One is that Microsoft has its own platform, putting it in a stronger position than say, Blackberry or even Apple (if iOS were not already popular). The Microsoft platform includes maps and driving (Nokia), search (Bing), messaging (Skype), email and cloud documents (Office 365) and online storage (OneDrive).

Second, the Windows app store is not as moribund as the Windows 8 app store. There are decent apps in most categories and support from third parties like Spotify, WhatsApp, Instagram or the BBC is improving.

If you love Google, this is unlikely to be the phone for you, since it seems almost to go out of its way not to support Windows Phone.

On the other hand, there are Windows Phone apps which I miss on other platforms, including Nokia Camera, HERE Drive, and the built-in email and calendar apps.

It is a factor, but not a showstopper.

Lumia 630 in use

My experience of using the 630 is mainly positive. Performance is great; the phone is fast and responsive. Battery life is good too:

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Note that the Battery Saver is off by default, but I prefer having it come on automatically as needed.

Battery life is nothing special if you use the phone intensively, such as to watch a video or play a game, but when it on standby it is better than previous Windows phones I have tried.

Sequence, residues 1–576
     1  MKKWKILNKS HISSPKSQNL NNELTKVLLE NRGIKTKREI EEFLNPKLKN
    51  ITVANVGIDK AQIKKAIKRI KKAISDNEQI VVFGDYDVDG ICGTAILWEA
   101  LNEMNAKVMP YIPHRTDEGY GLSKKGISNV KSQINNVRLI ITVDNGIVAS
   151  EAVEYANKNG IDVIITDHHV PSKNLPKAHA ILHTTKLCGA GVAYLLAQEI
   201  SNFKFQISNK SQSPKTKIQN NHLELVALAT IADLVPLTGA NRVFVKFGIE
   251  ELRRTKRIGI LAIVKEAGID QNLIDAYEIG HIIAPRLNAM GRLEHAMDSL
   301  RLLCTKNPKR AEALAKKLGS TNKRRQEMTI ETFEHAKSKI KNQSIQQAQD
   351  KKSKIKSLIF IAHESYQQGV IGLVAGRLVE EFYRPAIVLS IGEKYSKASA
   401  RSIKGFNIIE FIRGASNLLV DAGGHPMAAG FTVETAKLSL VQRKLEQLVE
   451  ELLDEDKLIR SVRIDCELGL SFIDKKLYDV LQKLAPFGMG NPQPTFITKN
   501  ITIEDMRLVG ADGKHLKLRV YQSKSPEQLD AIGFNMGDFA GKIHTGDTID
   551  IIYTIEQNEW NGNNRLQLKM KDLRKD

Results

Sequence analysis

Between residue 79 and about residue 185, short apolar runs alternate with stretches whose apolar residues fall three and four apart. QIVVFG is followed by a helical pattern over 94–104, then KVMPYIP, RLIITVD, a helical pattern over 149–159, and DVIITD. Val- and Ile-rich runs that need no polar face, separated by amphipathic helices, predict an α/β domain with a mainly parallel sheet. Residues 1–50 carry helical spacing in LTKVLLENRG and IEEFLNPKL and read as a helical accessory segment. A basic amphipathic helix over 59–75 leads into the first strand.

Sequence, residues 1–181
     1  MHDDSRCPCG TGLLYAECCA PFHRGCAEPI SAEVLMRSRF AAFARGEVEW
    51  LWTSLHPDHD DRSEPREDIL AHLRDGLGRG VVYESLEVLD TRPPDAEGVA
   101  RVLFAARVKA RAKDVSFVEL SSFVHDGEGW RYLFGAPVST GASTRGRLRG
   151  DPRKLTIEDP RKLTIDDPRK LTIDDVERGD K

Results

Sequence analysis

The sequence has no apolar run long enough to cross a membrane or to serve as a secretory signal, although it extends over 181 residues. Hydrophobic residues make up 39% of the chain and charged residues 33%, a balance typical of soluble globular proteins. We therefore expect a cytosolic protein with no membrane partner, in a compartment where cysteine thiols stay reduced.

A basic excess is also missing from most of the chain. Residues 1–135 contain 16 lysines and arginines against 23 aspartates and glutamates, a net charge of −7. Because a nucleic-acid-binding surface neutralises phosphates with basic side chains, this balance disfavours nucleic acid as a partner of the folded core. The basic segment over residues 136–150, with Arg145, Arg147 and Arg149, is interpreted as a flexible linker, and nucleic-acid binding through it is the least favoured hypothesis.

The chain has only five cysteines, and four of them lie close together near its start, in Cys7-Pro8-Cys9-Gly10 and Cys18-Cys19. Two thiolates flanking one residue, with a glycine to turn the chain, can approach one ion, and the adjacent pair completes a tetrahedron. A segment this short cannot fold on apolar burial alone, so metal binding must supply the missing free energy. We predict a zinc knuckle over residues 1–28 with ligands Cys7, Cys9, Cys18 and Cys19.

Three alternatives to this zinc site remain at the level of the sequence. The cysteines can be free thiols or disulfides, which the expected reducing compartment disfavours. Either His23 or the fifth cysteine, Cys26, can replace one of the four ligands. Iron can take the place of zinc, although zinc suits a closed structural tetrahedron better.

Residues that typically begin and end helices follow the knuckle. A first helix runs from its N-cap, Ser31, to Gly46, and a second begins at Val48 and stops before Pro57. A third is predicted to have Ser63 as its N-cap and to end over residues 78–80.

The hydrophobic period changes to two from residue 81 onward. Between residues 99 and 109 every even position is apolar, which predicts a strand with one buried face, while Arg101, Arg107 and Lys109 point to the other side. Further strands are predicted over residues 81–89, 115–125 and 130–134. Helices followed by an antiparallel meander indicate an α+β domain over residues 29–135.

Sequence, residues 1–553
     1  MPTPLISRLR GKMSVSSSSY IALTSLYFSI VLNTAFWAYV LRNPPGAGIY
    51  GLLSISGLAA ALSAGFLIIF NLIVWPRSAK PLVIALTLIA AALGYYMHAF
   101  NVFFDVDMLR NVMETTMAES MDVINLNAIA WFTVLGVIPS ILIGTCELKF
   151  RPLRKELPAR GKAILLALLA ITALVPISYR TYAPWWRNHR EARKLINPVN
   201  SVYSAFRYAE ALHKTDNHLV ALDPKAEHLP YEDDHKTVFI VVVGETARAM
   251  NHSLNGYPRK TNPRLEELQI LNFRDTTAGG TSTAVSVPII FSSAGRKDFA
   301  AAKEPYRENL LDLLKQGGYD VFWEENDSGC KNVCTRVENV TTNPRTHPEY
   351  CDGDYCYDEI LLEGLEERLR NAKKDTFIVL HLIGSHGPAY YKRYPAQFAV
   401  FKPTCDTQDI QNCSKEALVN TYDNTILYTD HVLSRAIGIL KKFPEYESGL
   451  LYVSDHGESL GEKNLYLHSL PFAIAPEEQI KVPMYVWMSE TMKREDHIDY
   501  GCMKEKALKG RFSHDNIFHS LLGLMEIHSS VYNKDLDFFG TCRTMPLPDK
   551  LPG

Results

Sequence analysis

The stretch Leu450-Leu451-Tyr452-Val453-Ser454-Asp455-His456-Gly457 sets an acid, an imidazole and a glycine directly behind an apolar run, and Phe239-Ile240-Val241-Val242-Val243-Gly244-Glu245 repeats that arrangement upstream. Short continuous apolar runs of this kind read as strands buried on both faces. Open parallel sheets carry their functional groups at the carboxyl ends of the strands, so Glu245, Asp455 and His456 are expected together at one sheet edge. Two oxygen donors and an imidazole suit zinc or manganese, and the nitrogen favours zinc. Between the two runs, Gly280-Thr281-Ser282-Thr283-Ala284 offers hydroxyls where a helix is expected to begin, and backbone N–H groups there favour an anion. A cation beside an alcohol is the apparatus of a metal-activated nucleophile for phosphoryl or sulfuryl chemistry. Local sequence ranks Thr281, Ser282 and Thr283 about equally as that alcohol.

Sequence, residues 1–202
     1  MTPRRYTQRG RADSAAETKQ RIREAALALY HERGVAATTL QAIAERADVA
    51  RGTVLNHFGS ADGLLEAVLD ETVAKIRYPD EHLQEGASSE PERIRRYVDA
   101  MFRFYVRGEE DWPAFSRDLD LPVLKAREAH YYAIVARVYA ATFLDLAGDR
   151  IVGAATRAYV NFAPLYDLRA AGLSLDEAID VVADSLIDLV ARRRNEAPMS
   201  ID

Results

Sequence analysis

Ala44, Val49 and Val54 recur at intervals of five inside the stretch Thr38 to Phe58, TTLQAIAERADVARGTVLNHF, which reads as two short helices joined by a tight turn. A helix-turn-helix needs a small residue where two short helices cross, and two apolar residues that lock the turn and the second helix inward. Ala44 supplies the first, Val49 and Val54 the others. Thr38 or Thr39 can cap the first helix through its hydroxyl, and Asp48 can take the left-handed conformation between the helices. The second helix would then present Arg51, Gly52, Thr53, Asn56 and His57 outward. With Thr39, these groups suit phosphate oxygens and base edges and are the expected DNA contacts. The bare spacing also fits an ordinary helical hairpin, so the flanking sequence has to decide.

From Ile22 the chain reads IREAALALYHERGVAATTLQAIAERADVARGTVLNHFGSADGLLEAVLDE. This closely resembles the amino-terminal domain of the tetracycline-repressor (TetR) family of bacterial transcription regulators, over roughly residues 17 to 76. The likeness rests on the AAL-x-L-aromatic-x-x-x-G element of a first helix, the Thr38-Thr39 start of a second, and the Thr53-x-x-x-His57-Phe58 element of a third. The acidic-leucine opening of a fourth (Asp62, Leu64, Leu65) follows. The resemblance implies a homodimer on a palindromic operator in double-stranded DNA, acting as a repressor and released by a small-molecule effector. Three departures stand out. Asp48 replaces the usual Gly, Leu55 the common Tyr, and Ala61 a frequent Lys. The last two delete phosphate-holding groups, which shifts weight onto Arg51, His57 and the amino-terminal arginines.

The camera is better than I had expected, given the annoyances mentioned above. For casual snaps it is up to the mark you would expect from a budget smartphone.

This is not PureView though; do not expect the same quality as on Nokia’s high-end phones. See here for some comparative snaps.

Audio on the Lumia 630 sounds fine when played with a high quality headset. I played the same track on the 630, the Lumia 1020, and from a PC via a dedicated headphone amplifer. Possibly the 630 sounds slightly thin compared to the more expensive setups, but the earbuds or headphones you use will likely make the most difference.

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Health and Fitness tracking, using the Bing app, is fun and saves having to manage a separate device like a Fitbit.

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I have yet to catch out the 630 on performance. Youtube videos and BBC iPlayer played smoothly.

The display is on the dull side but no enough to spoil the experience. However I did notice grey marks (presumably shadows of the glue that holds the screen on) at the top of the screen, visible on light backgrounds, which is a slight annoyance.

Conclusion

The Lumia 630 is a budget smartphone with a lot to offer. There are just a few annoyances: features missing that were present on the 625, slightly dull screen, and some signs of cost-cutting. These are small blemishes though when you consider what you do get for a modest outlay.